Sunday, August 28, 2005

The Pioneers

The discontented are the pioneers of the world. They, who refuse to
take the roads well travelled and instead choose to explore, in various
ways, the way to lasting peace and happiness.

Since my childhood, I have had the good fortune of meeting many people
who could not agree to a conformant life and instead were deeply
affected by the problems of the world and chose to alter the course of
their life in order to find a solution to the fundamental problems of
life.

Going through one cataclysm after another, belonging to one group
after another, following one philosophy after another, becoming
entrenched in the struggles for existence, breaking down at times,
carrying on despite the pressures to conform and to settle down,
withstanding the ostracism of their peers, choosing to give up the
superficial comforts of a secure existence... they had the potential
to be the pioneers of Humanity.

Every person on earth thinks about life and happiness. But these
people chose certain courses of action that required effort, turmoil
and uncertainty.

They, despite the different creeds that they temporarily belonged to,
shared the intensity to seek and find.

Many of them, having been born in India, adopted a particular
spiritual sect. Many of them became disenchanted and lost, confused
and directionless. Many of them suffered doubt, cynicism and a loss of
hope and energy. The instinctual pressures of loneliness, of sexual
desire, of the struggle for financial security, and the entrapments of
authority led us through valleys of despair, of a frittering away of
our vital years, of going around in circles hoping for a breakthrough.

Most of us gave up. Many of us settled down in comfortable careers,
in a familial existence, with the related pressures and
responsibilities, not having broken inwardly through the wall of
discontent.

I had a friend in school, a financially poor boy. He had the vision
of a peaceful society, howsoever misguided. When we all sat for our
matriculation examination, he saw some fellow students cheating and
being helped by the invigilators who were supposed to stop them. He
stood up and complained. But the corrupt invigilators charged himself
of cheating and threw him out. His life broke down after that. He
became a recluse, a drug addict and was finally hospitalized after
many years, close to death. I came to know of his story many years
later when it was too late...

I had another friend in college, who became involved in the Hare
Krishna movement for individual enlightenment. He became conditioned
with their beliefs. He went to the USA to earn money, could not
reconcile his spiritual beliefs with the capitalist society, but
didn't have the courage to leave it all (because the cost was too
high), became an experimenter with drugs, sex and anti-social
behaviour. He became bitter and cynical, and finally reconciled
himself to a personal failure in his quest, and gave up.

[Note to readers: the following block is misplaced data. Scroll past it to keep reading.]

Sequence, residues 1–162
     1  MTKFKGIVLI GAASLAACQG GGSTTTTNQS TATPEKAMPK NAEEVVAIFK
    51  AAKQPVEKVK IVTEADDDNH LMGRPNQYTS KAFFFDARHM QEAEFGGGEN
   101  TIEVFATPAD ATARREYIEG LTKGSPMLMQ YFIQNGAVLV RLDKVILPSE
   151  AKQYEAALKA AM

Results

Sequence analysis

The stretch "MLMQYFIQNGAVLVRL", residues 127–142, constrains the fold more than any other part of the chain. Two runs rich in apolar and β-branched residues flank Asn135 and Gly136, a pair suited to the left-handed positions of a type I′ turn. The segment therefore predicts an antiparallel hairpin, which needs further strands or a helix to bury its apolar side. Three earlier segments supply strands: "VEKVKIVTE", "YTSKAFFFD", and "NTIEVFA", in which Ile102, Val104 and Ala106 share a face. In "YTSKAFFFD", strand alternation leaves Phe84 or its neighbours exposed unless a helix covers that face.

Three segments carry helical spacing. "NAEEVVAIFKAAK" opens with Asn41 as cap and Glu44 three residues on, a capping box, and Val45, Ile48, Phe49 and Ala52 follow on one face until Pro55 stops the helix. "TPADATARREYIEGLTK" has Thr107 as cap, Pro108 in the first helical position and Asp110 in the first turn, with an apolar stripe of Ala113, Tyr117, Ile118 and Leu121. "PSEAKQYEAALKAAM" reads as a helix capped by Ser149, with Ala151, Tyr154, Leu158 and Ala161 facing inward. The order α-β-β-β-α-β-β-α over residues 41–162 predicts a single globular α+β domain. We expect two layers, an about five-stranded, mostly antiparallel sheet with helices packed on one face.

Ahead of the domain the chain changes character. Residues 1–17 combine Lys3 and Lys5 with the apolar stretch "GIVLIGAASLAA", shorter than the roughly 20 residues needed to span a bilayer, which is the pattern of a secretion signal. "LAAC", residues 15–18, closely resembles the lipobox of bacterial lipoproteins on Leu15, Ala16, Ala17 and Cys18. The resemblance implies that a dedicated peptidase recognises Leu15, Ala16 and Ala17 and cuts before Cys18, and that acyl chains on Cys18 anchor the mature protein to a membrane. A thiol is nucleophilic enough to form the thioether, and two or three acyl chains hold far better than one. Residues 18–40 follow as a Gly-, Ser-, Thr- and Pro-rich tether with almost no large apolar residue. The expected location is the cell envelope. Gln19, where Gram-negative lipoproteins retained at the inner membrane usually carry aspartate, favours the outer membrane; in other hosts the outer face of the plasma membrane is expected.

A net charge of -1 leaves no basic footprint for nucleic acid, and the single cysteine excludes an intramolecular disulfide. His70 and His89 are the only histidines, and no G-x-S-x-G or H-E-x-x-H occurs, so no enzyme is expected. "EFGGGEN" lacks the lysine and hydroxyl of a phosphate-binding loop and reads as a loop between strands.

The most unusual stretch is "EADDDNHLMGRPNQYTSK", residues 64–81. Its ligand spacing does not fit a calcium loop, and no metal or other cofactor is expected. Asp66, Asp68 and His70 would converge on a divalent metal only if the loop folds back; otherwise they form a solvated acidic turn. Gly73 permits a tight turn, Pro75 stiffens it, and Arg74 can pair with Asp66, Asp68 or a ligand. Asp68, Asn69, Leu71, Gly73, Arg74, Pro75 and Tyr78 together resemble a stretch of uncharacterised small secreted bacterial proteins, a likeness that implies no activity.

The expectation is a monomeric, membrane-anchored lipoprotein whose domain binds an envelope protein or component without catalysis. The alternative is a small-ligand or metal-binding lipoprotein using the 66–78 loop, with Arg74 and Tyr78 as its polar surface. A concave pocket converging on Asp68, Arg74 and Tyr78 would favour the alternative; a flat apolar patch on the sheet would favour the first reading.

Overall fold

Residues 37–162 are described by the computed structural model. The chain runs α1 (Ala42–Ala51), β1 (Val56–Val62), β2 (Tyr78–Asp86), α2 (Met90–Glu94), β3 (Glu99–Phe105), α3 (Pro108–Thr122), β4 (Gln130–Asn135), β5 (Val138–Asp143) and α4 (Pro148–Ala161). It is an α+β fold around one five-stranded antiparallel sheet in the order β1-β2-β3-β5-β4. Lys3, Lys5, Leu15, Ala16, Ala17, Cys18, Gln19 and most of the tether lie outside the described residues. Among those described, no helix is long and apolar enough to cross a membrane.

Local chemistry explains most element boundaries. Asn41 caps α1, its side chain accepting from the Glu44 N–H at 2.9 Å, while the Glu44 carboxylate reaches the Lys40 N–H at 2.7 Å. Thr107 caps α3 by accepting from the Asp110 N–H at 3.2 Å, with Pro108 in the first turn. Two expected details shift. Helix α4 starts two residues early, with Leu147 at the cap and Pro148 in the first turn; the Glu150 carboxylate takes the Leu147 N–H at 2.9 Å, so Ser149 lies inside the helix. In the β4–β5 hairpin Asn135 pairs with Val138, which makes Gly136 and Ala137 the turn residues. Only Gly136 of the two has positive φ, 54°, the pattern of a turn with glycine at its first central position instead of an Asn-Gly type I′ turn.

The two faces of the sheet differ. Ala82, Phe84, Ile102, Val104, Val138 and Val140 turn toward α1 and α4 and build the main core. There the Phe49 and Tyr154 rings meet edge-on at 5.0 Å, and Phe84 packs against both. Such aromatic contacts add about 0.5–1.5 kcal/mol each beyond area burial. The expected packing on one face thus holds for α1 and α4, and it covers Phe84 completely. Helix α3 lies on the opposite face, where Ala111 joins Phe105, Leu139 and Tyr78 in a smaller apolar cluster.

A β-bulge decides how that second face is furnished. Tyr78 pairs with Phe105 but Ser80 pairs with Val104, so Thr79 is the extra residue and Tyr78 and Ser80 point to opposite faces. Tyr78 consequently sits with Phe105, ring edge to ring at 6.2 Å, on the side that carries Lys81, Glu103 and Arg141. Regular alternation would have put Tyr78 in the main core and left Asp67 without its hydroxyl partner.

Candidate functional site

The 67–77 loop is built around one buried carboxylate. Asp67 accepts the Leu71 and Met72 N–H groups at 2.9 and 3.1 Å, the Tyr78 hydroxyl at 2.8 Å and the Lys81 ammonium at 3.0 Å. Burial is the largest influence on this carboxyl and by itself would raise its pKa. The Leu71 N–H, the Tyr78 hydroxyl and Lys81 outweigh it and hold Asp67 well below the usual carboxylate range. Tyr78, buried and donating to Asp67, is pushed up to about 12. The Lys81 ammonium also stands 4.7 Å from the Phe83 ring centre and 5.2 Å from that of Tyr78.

One could say that such people did not have the courage to go all the
way, that they got scared and gave up... But this loss of their
pioneering spirit, and their defeat, is a loss for all humanity.
Humanity extracts a heavy cost for being different and this is what is
tragic.

Then there were others who became deeply entangled into some sect,
gave up their careers and families, but could not find what they were
looking for.

When I remember those friends, I remember the first line of
"The Howl" by Allen Ginsberg:

"I saw the best minds of my generation destroyed by madness"

And then the last lines:

"with the absolute heart of the poem of life butchered out of their
own bodies good to eat a thousand years."

My salutations to those who did not buckle down, and continue to
further the frontiers of human endeavour in their search for the
solutions to the pervasive and chronic problems of humankind.

17 comments:

Katarzyna said...

Thank you Harman for your pioneering humanistic insight and sensitivity. I wonder - what kind of study/teaching did you get? I would say it's very Western and European (at its best times), reading you I feel like reading all the same story known from French, British or even Polish thinkers and authors... I hope only it's not offending your culture in any way...Thanks and keep it going!...

Di said...

1. The Road Not Taken


TWO roads diverged in a yellow wood,
And sorry I could not travel both
And be one traveler, long I stood
And looked down one as far as I could
To where it bent in the undergrowth;

Then took the other, as just as fair,
And having perhaps the better claim,
Because it was grassy and wanted wear;
Though as for that the passing there
Had worn them really about the same,

And both that morning equally lay
In leaves no step had trodden black.
Oh, I kept the first for another day!
Yet knowing how way leads on to way,
I doubted if I should ever come back.

I shall be telling this with a sigh
Somewhere ages and ages hence:
Two roads diverged in a wood, and I—
I took the one less traveled by,
And that has made all the difference.

Katyayini said...

The Road not taken - Robert Frost

Pilgrim by Enya

Pilgrim, how you journey
On the road you chose
To find out why the winds die
And where the stories go.

All days come from one day
That much you must know,
You cannot change what's over
But only where you go.

One way leads to diamonds,
One way leads to gold,
Another leads you only
To everything you're told.

In your heart you wonder
Which of these is true;
The road that leads to nowhere,
The road that leads to you.

Will you find the answer
In all you say and do?
Will you find the answer
In you?

Each heart is a pilgrim,
Each one wants to know
The reason why the winds die
And where the stories go.

Pilgrim, in your journey
You may travel far,